And then guess what? She proposes to him. She sets up their entire marriage and is like “You’ll send for me tomorrow,” and Romeo’s like “kay.”

Their whole marriage scene is fucking great, because she and Romeo can’t keep their hands off each other, which is sex-positive and wonderful.

Then Romeo fucks up (no I know it’s like, not all his fault or whatever, but still). Juliet has to deal with the fact that this man she loves just murdered her cousin (of course, not knowing all the details), and she decides to give him the benefit of the doubt. Regardless of what people think about that decision, it’s a great moment of character, that she doesn’t just run with whatever one-sided story the Capulets tell her.

Then Romeo gets his head out of his ass (I’m referring to that whole scene when he’s a sobbing, self-pitying mess on the floor) and comes to her, and they do the do. The morning after, Juliet so much wants to be selfish and keep him around. Here her defiant nature is ever so present, literally attempting to deny reality, saying that’s not the morning lark, just the nightingale. It’s only when Romeo’s like “*dopey smile* okay I’ll stay and die then” that she’s like “…fuck okay fine, I see that this isn’t the smartest choice.” I really really love that, when she’s just a petulant teenager for a bit.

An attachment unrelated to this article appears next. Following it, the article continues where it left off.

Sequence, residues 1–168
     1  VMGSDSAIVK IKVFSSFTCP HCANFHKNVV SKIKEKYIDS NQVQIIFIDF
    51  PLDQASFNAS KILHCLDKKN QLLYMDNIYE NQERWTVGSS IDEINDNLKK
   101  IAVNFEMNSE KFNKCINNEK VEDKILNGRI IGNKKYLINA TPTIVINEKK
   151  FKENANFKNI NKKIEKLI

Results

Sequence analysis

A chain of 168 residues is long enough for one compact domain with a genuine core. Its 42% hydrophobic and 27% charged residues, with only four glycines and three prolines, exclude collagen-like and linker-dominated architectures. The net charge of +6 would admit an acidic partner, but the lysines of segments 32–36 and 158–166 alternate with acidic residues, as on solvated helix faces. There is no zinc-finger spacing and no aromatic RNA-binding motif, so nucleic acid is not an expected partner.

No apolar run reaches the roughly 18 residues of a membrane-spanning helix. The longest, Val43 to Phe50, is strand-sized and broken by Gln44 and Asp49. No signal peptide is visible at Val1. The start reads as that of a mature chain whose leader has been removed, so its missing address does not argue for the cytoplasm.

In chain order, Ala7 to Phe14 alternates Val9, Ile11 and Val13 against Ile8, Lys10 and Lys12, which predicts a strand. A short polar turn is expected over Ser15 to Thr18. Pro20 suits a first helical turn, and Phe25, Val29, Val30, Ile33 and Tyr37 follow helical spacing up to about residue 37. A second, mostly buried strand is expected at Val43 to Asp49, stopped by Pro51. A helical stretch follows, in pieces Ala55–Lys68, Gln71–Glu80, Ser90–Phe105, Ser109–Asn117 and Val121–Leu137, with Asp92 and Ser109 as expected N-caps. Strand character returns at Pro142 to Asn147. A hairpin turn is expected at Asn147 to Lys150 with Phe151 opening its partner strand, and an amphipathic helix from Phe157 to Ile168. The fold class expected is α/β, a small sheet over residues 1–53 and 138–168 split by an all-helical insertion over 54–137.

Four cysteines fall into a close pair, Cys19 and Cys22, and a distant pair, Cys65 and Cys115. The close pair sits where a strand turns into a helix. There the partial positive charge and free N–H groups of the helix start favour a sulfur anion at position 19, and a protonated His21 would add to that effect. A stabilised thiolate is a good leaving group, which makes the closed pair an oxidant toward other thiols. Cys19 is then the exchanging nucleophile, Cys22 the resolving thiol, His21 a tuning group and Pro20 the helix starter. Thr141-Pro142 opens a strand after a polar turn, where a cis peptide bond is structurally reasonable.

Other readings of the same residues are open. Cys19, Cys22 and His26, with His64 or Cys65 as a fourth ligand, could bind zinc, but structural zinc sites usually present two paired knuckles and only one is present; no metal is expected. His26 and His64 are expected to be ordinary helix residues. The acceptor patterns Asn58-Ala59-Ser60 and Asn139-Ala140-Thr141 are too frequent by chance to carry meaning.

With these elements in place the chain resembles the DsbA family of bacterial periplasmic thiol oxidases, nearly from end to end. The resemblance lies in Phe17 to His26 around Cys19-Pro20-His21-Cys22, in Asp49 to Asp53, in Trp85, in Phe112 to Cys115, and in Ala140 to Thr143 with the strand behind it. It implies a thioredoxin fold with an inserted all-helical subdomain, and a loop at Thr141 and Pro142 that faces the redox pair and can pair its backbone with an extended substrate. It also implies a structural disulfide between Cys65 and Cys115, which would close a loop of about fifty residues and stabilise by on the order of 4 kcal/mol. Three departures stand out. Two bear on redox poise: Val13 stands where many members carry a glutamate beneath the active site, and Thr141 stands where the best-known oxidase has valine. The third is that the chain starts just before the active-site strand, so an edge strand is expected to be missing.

AND THEN. Her love for Romeo is found out, Capulet flips the fuck out and threatens to disown her if she doesn’t marry Paris. There’s this line I always cry at, when Juliet pleads for mercy from her mom, and Lady Capulet just coldly says, “Do as thou wilt, for I have done with thee.” The parents leave, Juliet asks her Nurse for help (the nurse who had been super into the whole secret affair thing previously), but receives none, for Capulet had also threatened the nurse. Juliet’s left completely on her own.

And what does she do? She takes matters into her own hands. This was the starkest comparison to Romeo, who had thrown himself down and whined for hours when he was banished. Juliet goes stone cold, because as a woman she’s no doubt experienced this bunch of entitlement people felt to her life, experienced how much people wanted to control her, and she decides no, she’s fucking done with all this bullshit, she’s getting out. And Romeo, her loving, dopey husband, is her way out.